328 TO THE SU-LO-HO DELTA [Chap. IX
middle one of the broad sand ridges which it crosses near the southern edge of the basin. Striking thence south-eastwards he was to seek for the lowest course of the Su-lo-ho in the bed coming from Toghrak-bulak (Map No. 35. c. 4) and to trace it through to its termination. I myself, taking Afraz-gul with me, proposed to follow a course which would take us to the north and south of the track already surveyed in 1907 and allow us to ascertain more closely the character of the ground within the limits of the dried-up basin.
Muhammad Of Muhammad Yàgüb's work it will suffice here to mention that by proceeding from Bésh-
work. toghrak first to the north-east and then striking eastwards he succeeded in carrying his levelling
line to the western edge of the dried-up basin to be described presently. He did this by passing through a small gap in the chain of high dunes which winds round it on that side. It is for this reason that the elevation of this fringe of dunes does not appear in the end portion of the ground sectionally shown by the levelling chart.4 After the Surveyor had rejoined me at Camp cxiii he was sent across the stony plateau on the south to the terminal course of the Su-to-ho, which he subsequently mapped right through to its end in the salt lake shown by Map No. 35. B. 4.
Approach My own route on March 14th led at first along the caravan track, and even here gave rise
to old to some interesting observations. At a distance of about three miles from Bésh-toghrak I found
basin. a couple of wells, only three feet deep, marking a new halting-place and attesting the nearness of
subsoil water to the surface. A luxuriant growth of reeds and scrub extended over the flat sandy bottom of the valley up to the belt of high dunes which stretches across it and marks, as already noted in 1907, the western limit of the dried-up lake basin. The sand ridges of this belt, reached at a distance of about five and a half miles from Bésh-toghrak, rose to a height of forty to fifty feet. The dunes ran right across the valley bottom and seemed also to ascend for some distance on the gentle sloping gravel glacis of the barren hill range on the north. From the top of the broad ridge of sand crossed by the caravan track, the wide flat expanse of the basin covered on its edge with light salt efflorescence came into full view eastwards. In the distance behind it I could see the great array of high Mesas which already in 1907 had impressed me as of unmistakably lacustrine origin.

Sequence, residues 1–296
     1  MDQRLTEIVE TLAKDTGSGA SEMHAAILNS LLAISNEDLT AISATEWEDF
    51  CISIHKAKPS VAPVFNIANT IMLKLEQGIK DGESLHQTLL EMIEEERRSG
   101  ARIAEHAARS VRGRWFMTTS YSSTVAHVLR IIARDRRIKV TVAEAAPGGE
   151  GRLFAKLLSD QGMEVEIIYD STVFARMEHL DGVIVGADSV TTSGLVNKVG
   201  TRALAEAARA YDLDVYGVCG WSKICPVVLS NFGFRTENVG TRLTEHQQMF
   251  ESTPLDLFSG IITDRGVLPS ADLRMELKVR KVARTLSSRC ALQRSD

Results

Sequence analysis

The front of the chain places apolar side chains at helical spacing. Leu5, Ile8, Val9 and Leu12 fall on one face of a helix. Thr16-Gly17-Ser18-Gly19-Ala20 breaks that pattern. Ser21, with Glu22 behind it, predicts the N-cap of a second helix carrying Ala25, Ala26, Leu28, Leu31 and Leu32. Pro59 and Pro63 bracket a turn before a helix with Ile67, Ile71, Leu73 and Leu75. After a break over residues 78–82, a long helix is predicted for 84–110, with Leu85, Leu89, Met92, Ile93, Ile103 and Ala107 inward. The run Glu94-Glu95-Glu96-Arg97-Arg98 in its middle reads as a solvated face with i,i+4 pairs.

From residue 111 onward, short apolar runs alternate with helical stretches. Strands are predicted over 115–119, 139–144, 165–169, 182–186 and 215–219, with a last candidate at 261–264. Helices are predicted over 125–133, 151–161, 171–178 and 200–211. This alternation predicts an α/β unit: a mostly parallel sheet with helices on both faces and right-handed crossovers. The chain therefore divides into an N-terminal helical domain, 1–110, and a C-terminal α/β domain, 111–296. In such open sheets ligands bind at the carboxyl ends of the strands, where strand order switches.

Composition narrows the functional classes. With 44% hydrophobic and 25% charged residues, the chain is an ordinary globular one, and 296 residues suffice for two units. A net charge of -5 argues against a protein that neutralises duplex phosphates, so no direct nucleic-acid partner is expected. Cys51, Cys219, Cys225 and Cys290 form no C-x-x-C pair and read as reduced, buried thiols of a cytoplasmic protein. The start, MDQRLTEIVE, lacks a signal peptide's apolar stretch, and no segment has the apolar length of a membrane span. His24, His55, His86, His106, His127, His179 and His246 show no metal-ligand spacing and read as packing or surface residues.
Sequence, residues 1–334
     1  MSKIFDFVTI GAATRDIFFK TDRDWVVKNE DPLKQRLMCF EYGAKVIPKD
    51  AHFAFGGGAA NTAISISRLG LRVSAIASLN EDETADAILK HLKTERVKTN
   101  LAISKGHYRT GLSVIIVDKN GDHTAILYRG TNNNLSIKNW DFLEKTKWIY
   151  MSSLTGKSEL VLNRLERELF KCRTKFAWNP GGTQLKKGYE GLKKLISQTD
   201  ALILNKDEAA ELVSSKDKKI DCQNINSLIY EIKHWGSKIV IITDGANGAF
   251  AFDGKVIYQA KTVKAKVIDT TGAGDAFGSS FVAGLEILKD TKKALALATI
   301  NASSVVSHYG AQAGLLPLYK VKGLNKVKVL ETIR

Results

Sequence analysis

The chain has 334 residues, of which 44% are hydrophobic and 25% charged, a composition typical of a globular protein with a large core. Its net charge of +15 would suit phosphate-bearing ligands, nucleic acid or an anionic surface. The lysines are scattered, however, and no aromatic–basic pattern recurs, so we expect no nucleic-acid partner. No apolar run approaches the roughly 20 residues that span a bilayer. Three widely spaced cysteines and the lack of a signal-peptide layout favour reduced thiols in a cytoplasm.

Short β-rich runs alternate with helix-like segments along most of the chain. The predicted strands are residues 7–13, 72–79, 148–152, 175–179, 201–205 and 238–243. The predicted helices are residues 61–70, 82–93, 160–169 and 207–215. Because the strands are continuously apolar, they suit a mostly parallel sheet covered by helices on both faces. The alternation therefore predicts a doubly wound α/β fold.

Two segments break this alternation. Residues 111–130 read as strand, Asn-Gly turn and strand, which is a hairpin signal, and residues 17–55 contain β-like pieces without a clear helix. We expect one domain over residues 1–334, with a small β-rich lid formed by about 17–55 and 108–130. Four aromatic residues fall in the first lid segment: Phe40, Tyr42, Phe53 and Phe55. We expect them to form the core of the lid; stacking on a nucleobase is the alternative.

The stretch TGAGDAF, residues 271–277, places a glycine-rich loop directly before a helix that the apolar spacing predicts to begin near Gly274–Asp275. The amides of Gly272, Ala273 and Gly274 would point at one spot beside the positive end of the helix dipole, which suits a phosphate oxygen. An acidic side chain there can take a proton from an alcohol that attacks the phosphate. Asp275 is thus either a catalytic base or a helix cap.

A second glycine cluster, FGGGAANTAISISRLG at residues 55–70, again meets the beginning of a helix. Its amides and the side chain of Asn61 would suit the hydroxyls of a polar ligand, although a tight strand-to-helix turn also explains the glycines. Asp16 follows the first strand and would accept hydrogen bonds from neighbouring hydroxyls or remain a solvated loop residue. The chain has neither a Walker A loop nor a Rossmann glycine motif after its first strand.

Signs of As soon as we had descended to level ground, I was struck by clear evidence of its having
recent undergone quite recent inundation. While still among low dunes I already noticed that the growth
of reeds between them was far more abundant than I remembered it to have been in 1907. Where the flat surface was reached, at a little over six miles from Bésh-toghrak, a thin fringe of young reed shoots marked the shore-line of what had manifestly been a wide temporary lake during the preceding summer and autumn. The light film-like deposit of salt efflorescence along it was just such as would be drawn to the surface by the watering of fields newly brought under cultivation. Beyond this the sand, now distinctly moist, became gradually clear of shôr and, in wide depressions, also of reeds, where the water had evidently stood too deep for their growth.
The caravan track, easily effaced in 1907 on the dry sand which then covered this stretch of ground, had now become a broad and well-marked road over the wet surface. We followed it for about two miles to the first of the tongue-like ridges, completely covered with drift-sand and flanked by isolated clay terraces, which jut out at intervals into the basin from the south. We now separated from Lal Singh, who continued by the caravan route for some four miles farther, and turned off to N. 60° W.
March Our onward march on this bearing took us over ground showing all the characteristics of a lake-
across moist bed only recently under water. Its deeper portions, winding like the lagoons that are met with sand.